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UMMS receives funding from DARPA to develop influenza prevention

Robert Finberg to lead research team in developing ways to treat viruses using the human immune system

By Jim Fessenden

UMass Medical School Communications

July 17, 2019
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Robert W. Finberg, MD

A team led by Robert W. Finberg, MD, has received funding from a new Defense Advanced Research Projects Agency (DARPA) program focused on delivering powerful defenses against public health and national security threats. The program—called the PReemptive Expression of Protective Alleles and Response Elements (PREPARE)—was conceived as a result of breakthroughs in the science of programmable gene expression and is aimed at developing medical interventions that temporarily and reversibly modulate the expression of protective genes to guard against acute threats from influenza and other ailments.

“Our goal is to make use of our own genes to prevent virus infection before it gets started,” said Dr. Finberg, the Richard M. Haidack Professor and chair and professor of medicine. “We believe that advances in modulating gene expression can be used to tune the human immune system to more efficiently activate and fight disease. That should lead to new ways to treat viruses, in particular the flu.”

The PREPARE program builds from the understanding that the human body has innate defenses against many types of health threats, but that it does not always activate these defenses quickly or robustly enough to block the worst damage. To augment existing physiological responses, PREPARE technologies would provide a programmable capability to up- or down-regulate gene expression on demand, providing timely, scalable defenses that are proportional to anticipated threats. Service members and first responders could administer these interventions prior to threat exposure or therapeutically after exposure to mitigate the risk of harm or death.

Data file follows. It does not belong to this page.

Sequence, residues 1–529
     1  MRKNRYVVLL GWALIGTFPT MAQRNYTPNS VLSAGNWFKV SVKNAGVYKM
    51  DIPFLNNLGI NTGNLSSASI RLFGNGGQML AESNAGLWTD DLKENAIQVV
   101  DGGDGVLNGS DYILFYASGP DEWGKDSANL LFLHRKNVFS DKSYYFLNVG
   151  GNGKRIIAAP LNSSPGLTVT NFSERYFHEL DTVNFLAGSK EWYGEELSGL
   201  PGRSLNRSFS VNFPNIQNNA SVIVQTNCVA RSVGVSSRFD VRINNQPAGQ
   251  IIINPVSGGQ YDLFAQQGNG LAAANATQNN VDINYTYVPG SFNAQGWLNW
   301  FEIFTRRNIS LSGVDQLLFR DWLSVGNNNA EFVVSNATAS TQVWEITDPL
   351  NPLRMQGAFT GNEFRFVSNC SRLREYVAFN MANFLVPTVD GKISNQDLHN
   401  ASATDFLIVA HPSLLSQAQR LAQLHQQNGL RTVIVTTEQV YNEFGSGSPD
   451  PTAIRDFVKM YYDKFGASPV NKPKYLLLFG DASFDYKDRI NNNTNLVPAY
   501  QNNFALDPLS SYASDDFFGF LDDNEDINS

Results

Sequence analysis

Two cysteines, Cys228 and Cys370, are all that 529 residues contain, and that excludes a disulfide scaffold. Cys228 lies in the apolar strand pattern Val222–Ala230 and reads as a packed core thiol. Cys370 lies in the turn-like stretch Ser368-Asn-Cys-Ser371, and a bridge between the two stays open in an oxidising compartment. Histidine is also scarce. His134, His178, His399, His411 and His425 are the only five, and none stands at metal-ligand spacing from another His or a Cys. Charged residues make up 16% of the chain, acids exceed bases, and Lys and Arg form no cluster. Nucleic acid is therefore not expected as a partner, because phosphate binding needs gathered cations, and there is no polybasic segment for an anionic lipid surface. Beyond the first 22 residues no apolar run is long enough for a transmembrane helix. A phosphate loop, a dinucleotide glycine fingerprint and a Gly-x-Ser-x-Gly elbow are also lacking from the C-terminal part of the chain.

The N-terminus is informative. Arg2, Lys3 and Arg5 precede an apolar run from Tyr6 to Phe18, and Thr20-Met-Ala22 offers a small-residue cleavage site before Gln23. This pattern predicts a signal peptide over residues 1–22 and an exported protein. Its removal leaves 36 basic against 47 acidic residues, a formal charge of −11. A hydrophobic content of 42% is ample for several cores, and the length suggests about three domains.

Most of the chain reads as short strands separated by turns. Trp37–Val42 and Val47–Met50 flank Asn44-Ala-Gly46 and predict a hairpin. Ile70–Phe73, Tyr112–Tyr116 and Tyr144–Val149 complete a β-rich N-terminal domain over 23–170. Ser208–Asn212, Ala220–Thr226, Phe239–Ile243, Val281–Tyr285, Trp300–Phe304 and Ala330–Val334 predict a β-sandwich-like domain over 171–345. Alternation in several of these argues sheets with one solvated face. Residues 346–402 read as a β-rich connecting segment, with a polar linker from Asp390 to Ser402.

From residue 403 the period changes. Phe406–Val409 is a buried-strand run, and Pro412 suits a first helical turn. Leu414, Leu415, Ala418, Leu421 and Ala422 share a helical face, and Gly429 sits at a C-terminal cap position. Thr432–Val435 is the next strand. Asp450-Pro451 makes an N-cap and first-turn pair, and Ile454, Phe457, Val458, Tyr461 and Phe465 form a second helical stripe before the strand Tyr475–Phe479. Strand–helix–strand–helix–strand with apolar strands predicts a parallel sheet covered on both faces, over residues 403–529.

Finberg and colleagues were one of five teams selected to develop a range of new medical interventions that temporarily and reversibly modulate the expression of protective genes to guard against acute threats from influenza and ionizing radiation, which could be encountered naturally, occupationally, or through a national security event. The aim of their research is to identify novel host and viral target sequences, including long noncoding RNAs, which can be used to boost host resilience against influenza. The project will involve performing innovative CRISPR-based screens on cultured human cells, identifying critical host and viral factors using samples from human research subjects, and implementing a lung airway model.

“Researchers working within the PREPARE program seek to improve rates of survival and recovery in catastrophic scenarios for which reliable and scalable countermeasures don’t currently exist,” said Renee Wegrzyn, PhD, the PREPARE program manager, in DARPA’s announcement of the research.

Influenza persists as a perennial health threat despite the development of vaccines that help protect against predicted strains of circulating virus. The annual challenge of developing a new vaccine and the burdensome logistics of storing, transporting and distributing injectable vaccines make alternative protective strategies desirable.

Using programmable gene modulators, scientists hope to boost the human body’s natural defenses against influenza and weaken the virus’ ability to cause harm by directly neutralizing the viral genomes. If successful, these approaches would potentially protect against virtually all influenza strains—regardless of whether a virus is newly emergent or has developed drug resistance—and would provide near instantaneous immunity, in contrast to traditional vaccines.